DESH needs to serve the country better

Source: The post is based on the articles  

“DESH needs to serve the country better” published in the Times of India on 26th July 2022. 

“Let’s reposition our SEZs without tilting markets” published in the Live Mint on 26th July 2022. 

Syllabus: GS 3 Effects of Liberalization on the Economy, Changes in Industrial Policy and their Effects on Industrial Growth; Infrastructure: Energy, Ports, Roads, Airports, Railways etc. 

News: The government has introduced the Development of Enterprise and Service Hubs (DESH) Bill in the ongoing Parliament session. This is going to do a makeover of India’s 268 Special Economic Zones (SEZs). 

In 2019, the World Trade Organization (WTO) held that subsidies given to Indian SEZ units violated WTOs rules of fair trade. Thus, the new bill will ensure compliance to the WTO rules. 

Kandla in Gujarat was our first SEZ. It was kept up in the mid-1960s. Thereafter, Jamnagar became another SEZ in the Gulf of Kutch. It is home to Reliance oil refinery that logs major exports. 

There are hundreds of other SEZs, all of them governed by the SEZ Act of 2005. 

What are benefits provided to Special Economic Zones (SEZs)? 

These are duty-free enclaves, with the industrial estates exempted from various levies that went against export competitiveness.  

Units located here can freely import what they need and also enjoy many tax exemptions, such as zero GST on domestic supplies. However, for that, they need to earn more foreign exchange than spend over each five-year stretch. 

The SEZs operate like offshore zones. Therefore, products and services sold by the units in the SEZs, in the Indian market, face regular import tariffs. 

Problems with India’s SEZs? 

(1) Indian SEZs are much smaller in size and performance. For example, If Indian SEZ are compared with Shenzhen, then Shenzhen’s area (49,000 hectares) exceeds the combined area of Indian SEZs (47,000 hectares).  

(2) The minimum space needed for an SEZ in India is less than 50 hectares. Further, services SEZs can operate from a lonely building. 

(3) Small size of SEZs prevents them from offering high-quality common facilities and plug & play ecosystems.  

(4) Indian SEZs do not perform when tax exemptions end, and investments dry up. Today less than half the land approved for SEZ purposes is used. 

How does DESH plan to change this? 

(1) it will remove the restriction that exports should be more than imports over five years. Now units will be free to import any amount.  

(2) The SEZs units will be allowed to perform invoicing in rupee to facilitate domestic transactions.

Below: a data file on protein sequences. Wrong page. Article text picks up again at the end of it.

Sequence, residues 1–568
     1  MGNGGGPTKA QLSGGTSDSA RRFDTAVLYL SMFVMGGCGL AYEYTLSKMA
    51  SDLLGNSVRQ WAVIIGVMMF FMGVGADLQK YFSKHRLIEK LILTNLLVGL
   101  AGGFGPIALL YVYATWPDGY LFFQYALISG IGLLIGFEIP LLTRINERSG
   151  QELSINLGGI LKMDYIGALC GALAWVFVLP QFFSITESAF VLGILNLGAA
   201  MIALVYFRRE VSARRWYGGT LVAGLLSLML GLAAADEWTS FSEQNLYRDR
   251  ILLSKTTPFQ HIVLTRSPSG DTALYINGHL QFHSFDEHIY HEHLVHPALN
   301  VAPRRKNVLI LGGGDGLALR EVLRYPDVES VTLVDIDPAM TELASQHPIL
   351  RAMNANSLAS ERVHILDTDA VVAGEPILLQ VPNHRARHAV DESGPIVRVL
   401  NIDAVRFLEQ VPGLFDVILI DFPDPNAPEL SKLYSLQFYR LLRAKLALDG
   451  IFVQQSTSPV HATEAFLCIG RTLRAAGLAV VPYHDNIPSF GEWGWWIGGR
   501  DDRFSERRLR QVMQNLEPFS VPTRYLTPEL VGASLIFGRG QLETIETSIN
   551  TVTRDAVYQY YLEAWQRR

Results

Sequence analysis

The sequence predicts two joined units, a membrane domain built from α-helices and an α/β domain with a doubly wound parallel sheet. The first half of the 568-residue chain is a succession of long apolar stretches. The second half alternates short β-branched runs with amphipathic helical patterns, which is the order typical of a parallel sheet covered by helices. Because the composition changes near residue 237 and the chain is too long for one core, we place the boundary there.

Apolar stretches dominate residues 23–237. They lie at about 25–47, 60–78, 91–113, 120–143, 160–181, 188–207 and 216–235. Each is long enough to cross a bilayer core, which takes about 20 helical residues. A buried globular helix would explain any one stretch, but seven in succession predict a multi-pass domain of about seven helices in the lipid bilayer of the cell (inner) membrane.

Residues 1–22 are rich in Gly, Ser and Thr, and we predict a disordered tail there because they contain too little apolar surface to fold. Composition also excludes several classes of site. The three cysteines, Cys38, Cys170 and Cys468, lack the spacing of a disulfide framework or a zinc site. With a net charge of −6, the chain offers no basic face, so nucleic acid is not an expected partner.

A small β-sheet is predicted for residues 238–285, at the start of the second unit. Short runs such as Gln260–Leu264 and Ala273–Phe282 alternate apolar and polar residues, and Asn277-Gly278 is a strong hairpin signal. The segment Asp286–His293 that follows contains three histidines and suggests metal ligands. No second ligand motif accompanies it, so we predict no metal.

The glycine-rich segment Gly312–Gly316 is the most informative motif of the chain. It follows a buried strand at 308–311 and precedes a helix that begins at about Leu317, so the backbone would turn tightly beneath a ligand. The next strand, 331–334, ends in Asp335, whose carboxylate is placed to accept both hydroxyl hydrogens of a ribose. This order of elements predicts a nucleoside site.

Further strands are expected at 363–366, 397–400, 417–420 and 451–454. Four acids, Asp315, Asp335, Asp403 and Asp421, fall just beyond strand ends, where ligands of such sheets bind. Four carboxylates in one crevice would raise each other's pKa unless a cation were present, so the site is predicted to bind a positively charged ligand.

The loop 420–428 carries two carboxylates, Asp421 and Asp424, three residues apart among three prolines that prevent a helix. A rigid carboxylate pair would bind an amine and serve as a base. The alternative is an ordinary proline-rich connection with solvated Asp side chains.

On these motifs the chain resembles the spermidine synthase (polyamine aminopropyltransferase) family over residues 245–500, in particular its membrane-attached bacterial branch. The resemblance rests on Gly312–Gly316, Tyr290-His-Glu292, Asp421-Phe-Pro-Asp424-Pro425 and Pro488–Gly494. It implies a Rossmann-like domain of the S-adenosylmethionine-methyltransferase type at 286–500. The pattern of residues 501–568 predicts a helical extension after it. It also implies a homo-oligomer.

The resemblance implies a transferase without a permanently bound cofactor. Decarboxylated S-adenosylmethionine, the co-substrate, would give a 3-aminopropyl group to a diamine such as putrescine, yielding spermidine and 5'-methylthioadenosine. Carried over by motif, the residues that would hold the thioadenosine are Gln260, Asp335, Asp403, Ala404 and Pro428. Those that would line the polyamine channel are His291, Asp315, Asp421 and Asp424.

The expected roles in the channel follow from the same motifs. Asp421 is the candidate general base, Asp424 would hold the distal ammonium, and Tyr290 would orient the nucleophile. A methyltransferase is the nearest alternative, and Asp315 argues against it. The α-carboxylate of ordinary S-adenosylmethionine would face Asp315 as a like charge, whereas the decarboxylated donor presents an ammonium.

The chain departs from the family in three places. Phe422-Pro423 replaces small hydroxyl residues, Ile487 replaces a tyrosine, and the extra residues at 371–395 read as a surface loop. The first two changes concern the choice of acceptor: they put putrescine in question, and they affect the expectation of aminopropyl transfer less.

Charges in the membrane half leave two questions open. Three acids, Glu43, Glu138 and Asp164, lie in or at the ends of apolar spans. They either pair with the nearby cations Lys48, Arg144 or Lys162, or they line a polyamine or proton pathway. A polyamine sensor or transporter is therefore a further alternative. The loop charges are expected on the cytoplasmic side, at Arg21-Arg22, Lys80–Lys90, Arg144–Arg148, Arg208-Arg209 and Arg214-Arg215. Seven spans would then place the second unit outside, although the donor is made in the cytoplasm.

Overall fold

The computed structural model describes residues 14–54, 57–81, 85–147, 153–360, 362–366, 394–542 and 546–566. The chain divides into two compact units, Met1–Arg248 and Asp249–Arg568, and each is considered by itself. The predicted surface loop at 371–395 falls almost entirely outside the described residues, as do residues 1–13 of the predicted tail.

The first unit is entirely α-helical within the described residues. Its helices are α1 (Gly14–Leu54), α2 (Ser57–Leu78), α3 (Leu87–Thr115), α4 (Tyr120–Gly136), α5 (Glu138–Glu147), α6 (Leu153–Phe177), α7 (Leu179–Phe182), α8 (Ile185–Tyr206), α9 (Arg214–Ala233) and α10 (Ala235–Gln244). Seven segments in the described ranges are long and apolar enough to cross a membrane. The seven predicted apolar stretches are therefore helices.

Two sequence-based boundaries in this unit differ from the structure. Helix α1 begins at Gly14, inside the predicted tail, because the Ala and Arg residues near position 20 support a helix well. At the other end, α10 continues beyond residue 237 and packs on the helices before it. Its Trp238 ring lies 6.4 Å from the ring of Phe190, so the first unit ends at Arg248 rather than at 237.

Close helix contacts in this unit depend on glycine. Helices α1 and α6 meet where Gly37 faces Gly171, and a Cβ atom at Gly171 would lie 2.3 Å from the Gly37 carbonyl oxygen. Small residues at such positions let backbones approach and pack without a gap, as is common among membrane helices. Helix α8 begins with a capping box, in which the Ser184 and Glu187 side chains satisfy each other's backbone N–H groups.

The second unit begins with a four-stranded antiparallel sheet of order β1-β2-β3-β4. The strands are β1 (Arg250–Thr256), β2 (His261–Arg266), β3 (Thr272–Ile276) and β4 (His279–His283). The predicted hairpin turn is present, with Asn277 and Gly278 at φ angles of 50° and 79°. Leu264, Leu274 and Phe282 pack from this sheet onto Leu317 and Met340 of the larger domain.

(3) More concessions will be provided to SEZ units which will be selling in the domestic market. For Example, today a firm pays both IGST and import duty on the shirt. But after DESH, a unit will pay IGST on the shirt and import duty payable on fabric. This will discourage the import of shirts and promote shirt-making in SEZ. 

(4) It will allow denotification of the selected floors/areas in IT/ITEZ SEZs so the owner can effectively use the space. At present, many buildings in these SEZ remain vacant. These are not being utilized for other purposes. Further, the trend will increase as the work-from-home concept catches on.   

What more changes are needed to make SEZs in India more effective? 

(1) Get big industries: The government should work to invite a large global anchor firms to kick-start operations in the sectoral hub. Their use of Indian ancillary and component supplier firms will benefit the entire sector. For example, as Suzuki did to India’s automobile sector in the early 1980s.  

(2) Be quick: There should be Speedy factory-to-ship movement. It can be done through dedicated freight corridors from all hubs etc. 

(3) Aim bigger: DESH should focus not just on SEZs but also on industrial parks for various sectors. 

(4) Break barriers:  The government can develop a GSTN-like system to monitor movement. Further, stringent provisions can be made for small-volume high-value items like gold and diamonds to check misuse. 

(5) No IT Enterprises: The government should remove IT/ITES firms from the purview of DESH law.  

(6) Be fair on land:  Many developers bought land with the help of state governments, which used the ‘public purpose’ clause to acquire land. However, a number of pieces of land acquired in the name of SEZs remain unutilized. Therefore, the government should return such non-operational SEZ land to rightful owners. 

(7) India needs to learn from Shenzhen, which acts as a self-contained economy. Tax benefits were just a small part and not the primary reason for Shenzhen’s success. The Shenzhen is a large SEZ. Therefore, it has attracted investors, professionals and large anchor firms. Further, the units established in electronics, computers, textiles and chemicals etc. are also large-scale.  

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